"He's someone we've known for 20 years," Consolmagno said CNS . "He's brilliant, he's one of the brightest types we've seen in a long time."
Despite his love for astronomy, D & # 39; Souza has found his pastoral duties as priests to nourish his soul.
While he is in Ann Arbor, D & S Souza celebrates the Mass at the St. Mary's Student Parish weekend, just a few blocks from the campus, saying he was engrossed in the preparation of the liturgy and spending hours with it
"I learned here in Ann Arbor that my biggest support system was the church," said D'Souza, "and what I found to be at least in St. Marys was a great challenge to preach on Sundays because you simply could not keep your usual sermon. You had to think, you had to inspire, you had to understand the reality: what happens in the world, what happens in American politics. "
Born into a Catholic family in Pune, India, in the western state of Goa. In 1978 D & # 39; Souza grew up in Kuwait, where his parents, Joseph and Mary, had emigrated to work. They raised their sons, Christopher and Richard, in an Indian neighborhood where their parents kept their children under strict control because the freedom of the Indians was limited.
In 1990, the D & # 39; Souzas fled the US-led Gulf War in Kuwait With thousands of other Indians, they spent three weeks in a refugee camp in Jordan before returning to their homeland. "It was a bit traumatic. You lose everything. They take two or three bags, "said D'Souza.
He enrolled at the Jesuit St. John de Britto High School, named after a Portuguese missionary and martyr. There, the future priest was introduced to the Jesuit charisma and captivated by the mission history of the Order. After graduating, he joined the Jesuit Noviciate at the age of 17.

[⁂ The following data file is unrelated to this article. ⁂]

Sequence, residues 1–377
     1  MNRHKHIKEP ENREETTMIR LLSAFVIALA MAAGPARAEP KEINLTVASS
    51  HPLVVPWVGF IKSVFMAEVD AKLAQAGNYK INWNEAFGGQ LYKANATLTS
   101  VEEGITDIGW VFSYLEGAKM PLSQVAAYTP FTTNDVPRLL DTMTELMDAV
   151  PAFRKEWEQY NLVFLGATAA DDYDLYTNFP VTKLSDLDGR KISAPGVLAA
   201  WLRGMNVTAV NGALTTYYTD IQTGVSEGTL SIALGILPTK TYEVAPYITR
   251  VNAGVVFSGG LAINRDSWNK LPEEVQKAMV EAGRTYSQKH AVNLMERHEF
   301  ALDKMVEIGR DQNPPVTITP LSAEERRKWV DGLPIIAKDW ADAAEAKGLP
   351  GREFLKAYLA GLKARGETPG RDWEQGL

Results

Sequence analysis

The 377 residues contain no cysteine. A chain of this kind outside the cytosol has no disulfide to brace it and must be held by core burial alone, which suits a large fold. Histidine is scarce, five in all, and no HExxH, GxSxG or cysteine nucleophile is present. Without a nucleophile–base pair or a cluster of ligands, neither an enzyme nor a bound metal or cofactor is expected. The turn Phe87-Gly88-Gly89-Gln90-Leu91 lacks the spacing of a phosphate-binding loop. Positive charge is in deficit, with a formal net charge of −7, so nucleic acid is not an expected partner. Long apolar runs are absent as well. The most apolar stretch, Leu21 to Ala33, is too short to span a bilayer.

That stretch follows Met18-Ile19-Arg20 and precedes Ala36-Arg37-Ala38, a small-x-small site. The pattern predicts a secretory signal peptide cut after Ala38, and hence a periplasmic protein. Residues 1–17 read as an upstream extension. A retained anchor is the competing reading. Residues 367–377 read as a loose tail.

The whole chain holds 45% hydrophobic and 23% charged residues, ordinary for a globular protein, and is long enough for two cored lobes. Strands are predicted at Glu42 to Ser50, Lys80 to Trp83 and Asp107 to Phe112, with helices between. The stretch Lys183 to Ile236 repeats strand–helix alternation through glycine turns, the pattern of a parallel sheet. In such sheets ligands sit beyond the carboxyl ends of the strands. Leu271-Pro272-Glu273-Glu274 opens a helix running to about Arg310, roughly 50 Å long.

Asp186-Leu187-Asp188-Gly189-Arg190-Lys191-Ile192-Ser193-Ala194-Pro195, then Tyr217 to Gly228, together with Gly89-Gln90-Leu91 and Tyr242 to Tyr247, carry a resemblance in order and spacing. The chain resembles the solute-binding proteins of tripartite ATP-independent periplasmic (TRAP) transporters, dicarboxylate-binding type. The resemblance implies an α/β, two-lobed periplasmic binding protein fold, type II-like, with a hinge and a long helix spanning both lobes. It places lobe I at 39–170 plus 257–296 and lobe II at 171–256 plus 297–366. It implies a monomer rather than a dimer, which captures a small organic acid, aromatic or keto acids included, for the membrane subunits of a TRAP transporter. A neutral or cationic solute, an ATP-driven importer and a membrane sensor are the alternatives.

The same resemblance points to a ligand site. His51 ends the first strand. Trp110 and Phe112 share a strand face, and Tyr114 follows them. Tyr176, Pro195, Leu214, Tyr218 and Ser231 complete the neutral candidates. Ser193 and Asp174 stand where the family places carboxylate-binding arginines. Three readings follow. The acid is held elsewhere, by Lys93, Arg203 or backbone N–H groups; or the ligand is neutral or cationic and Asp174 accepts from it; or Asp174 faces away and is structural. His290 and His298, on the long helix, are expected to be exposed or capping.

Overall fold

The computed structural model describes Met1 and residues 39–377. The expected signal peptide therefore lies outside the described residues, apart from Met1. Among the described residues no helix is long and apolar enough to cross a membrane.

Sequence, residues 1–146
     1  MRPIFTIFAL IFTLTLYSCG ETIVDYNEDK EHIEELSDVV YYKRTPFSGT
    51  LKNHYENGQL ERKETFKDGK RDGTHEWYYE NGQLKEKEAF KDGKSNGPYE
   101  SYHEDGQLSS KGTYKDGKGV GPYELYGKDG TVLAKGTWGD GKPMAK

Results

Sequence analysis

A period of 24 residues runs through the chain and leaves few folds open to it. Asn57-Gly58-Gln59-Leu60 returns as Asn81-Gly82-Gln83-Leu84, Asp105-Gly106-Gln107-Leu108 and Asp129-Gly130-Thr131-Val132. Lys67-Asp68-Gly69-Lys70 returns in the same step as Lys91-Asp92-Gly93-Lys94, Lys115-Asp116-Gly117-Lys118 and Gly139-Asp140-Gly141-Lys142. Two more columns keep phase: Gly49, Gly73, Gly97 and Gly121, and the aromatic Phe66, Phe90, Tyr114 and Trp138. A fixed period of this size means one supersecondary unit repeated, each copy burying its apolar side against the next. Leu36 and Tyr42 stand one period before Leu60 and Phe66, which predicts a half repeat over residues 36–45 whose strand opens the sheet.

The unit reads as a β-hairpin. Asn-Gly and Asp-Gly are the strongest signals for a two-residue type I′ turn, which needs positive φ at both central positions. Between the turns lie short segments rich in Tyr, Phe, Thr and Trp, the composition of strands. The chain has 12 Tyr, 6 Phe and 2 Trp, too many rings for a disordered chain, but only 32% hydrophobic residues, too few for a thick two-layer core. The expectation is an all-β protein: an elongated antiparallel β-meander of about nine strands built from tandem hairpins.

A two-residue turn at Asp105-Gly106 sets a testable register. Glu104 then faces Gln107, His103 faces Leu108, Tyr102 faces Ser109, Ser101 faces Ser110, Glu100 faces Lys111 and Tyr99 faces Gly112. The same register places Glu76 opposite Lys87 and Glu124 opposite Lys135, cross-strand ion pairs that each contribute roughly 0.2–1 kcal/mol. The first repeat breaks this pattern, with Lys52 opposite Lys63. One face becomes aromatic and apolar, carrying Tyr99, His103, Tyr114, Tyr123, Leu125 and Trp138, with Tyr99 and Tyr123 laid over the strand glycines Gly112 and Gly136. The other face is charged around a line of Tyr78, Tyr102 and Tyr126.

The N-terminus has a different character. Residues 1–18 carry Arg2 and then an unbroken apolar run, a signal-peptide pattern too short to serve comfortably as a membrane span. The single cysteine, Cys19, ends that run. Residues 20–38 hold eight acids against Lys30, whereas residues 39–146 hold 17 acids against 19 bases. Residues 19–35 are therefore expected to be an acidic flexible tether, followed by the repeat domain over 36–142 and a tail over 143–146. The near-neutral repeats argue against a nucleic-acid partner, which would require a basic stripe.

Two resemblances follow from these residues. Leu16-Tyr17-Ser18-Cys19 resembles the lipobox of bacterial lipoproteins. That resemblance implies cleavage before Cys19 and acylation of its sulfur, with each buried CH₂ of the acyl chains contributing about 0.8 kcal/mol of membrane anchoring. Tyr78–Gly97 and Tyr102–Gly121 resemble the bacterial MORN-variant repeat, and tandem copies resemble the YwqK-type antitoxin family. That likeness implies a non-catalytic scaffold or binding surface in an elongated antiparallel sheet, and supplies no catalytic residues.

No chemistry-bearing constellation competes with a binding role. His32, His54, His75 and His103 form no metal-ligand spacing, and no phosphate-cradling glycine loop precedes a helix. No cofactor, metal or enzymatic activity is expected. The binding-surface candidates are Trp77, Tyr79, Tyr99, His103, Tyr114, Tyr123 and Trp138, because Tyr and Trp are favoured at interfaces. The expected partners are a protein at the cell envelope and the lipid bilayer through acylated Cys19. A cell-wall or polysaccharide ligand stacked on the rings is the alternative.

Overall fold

The young D'Souza soon realized that many of the Jesuits were more involved in everyday life than in the excitement he had envisioned as a missionary. "(Soon, though), I realized that they were not in their history," he told CNS . "I realized that there is the potential to do the extraordinary."
Three months after his novitiate began, D'Souza's older brother died after becoming infected with an unusual malaria form. "I felt the pain of my parents," he said. They insisted, however, that he continue on his chosen path.
During his training, which led to his ordination in December 2011, D'Souza studied physics at St. Xavier University in Mumbai, India, and at the University of Heidelberg in Germany. He also holds a bachelor's degree in philosophy and theology, which prepared him for the priesthood, and a doctorate in astronomy, which was acquired in 2016.
Part of His Job Prepared to Become a Priest The short-lived Community College in Belgaum, India, established a community theology program in Goa.
D & S Souza sees his upcoming appointment to the Vatican Observatory as a great addition to his vocation as a priest. In both areas he sees a call to search for meaning and understanding of God's creation, he said.
And he saw no conflict in both roles, to whose occupation he was called.
"We are looking for something beyond us", he quoted the Jesuit father Karl Rahner. "The transcendent thing you can have is God. … Astronomy is the most transcendent of the sciences and yet the most physical, and that is perhaps why it has long fascinated everyone in history. "